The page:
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Guantánamo Is Still “a Black Hole of Secrecy”

John Ryan, a legal affairs journalist, often sits alone in the front row of the court gallery during pretrial hearings at the Guantánamo Bay detention camp. Three panes of glass separate him from the five men accused of orchestrating the attacks of September 11, 2001, as well as the defense and prosecution lawyers, judge, guards, court staff, and witnesses. Television monitors relay the scene and audio with a 40-second delay, should any classified information be uttered, which is flagged by a flashing red light behind the judge’s bench. “It’s a little bit disjointed,” Ryan said. “I think it is important just to be there. It’s hard to articulate. It just feels weird to me that the front row would be empty.”

For the past six years, Ryan, the cofounder and editor of the legal affairs publication Lawdragon, has been following the pretrial hearings over an event that “changed the course of global history” and led to the creation of the prison where the court is located, a place Ryan now calls his “second home.” Much of the recent deliberations have focused on whether testimony obtained using torture—or what the United States government called “enhanced interrogation techniques”—can be used at trial.

Gitmo once drew international outrage, and American and international reporters flocked to the scene. Twenty years on, it rarely sees journalists except on anniversaries, like last year’s 20th anniversary of the September 11 attacks. Sometimes Ryan and veteran Guantánamo reporter Carol Rosenberg, now at The New York Times, are the only journalists at the camp. I asked Ryan whether the public still cares: “I don’t see it. There are elements of the public that do, but I think it’s a pretty small number, and I think it’s really just outside what anyone is caring or thinking about.”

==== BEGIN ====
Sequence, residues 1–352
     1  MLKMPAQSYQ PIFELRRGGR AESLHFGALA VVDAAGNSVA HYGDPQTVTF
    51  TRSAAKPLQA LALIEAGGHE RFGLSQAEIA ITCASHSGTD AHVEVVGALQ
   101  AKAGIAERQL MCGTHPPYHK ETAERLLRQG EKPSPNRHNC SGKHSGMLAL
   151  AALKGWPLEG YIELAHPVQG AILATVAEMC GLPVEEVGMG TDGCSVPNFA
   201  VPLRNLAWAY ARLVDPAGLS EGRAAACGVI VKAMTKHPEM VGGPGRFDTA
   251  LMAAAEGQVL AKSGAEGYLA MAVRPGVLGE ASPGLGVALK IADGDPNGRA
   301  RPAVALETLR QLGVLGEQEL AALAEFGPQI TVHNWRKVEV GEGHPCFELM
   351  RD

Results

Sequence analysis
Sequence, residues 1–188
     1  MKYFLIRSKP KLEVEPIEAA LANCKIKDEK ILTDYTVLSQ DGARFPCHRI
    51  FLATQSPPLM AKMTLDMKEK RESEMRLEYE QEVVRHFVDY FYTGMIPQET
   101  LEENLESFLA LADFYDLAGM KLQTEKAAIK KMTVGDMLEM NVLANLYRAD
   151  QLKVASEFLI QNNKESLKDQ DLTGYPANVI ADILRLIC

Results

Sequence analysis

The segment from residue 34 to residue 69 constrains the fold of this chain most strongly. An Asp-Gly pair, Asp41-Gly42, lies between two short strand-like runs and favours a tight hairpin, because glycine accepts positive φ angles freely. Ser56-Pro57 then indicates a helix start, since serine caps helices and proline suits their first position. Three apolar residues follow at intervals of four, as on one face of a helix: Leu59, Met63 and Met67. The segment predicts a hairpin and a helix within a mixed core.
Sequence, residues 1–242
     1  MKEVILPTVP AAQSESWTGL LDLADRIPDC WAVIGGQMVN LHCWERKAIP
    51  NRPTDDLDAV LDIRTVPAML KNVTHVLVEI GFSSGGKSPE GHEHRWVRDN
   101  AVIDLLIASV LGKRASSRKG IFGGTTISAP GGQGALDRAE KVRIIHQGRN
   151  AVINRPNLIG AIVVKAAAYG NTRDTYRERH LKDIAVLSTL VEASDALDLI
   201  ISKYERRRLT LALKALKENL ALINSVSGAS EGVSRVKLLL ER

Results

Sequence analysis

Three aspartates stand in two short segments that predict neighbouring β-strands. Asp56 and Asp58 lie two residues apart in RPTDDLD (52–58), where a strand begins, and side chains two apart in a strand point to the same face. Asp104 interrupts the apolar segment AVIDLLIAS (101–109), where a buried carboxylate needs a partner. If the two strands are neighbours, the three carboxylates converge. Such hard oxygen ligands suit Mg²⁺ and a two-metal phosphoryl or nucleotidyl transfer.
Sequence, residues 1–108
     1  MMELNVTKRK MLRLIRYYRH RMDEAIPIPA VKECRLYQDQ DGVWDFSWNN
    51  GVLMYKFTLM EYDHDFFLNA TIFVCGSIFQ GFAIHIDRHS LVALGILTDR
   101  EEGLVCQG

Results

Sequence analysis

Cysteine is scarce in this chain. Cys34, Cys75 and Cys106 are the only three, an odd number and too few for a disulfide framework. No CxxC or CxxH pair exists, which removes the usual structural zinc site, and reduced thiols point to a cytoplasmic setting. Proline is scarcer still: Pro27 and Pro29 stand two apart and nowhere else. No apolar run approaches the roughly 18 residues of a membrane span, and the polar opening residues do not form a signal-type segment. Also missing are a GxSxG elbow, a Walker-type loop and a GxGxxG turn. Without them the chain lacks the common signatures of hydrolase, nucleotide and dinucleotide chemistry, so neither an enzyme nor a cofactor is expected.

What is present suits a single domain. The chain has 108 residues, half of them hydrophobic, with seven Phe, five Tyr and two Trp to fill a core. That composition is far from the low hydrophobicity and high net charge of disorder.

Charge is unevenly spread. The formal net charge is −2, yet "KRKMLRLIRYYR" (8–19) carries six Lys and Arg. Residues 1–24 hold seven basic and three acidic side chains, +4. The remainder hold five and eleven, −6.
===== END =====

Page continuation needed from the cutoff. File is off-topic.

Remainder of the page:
Twenty years have passed since the first prisoners landed blindfolded in orange jumpsuits and were cuffed and caged in the now-closed Camp X-Ray on the United States naval base in Cuba. Today, 39 men live in the prison, which once held 780—only 12 of them have been charged with war crimes, including the five who will face trial for the September 11 attacks.

While Ryan said it is important that a journalist be present for legal proceedings, he also said he was “hooked” on the story, much like a handful of others who have covered Gitmo over the years. By filing countless Freedom of Information Act (FOIA) requests, these journalists and academics have shaped the public record on the prison that the United States government has hidden from public view. But recent reports of plans to build a new courtroom in Guantánamo, without a viewing gallery, have raised concerns about further restrictions on press access. “The larger concern is if the Pentagon views that video feeds can substitute for in-person viewing, they could use that rationale for limiting attendance on Guantánamo for legal proceedings more broadly,” Ryan said.

While proceedings can be viewed via live video feeds in the Pentagon and at Fort Meade in Maryland, Ryan said details are lost, such as a view of the whole courtroom—and when information deemed to be classified is uttered, the video feed is cut, which is part of the reason he is in court so regularly. (In January 2013, the CIA remotely cut a live video feed during a court proceeding, but a judge ruled that it could not do so again).

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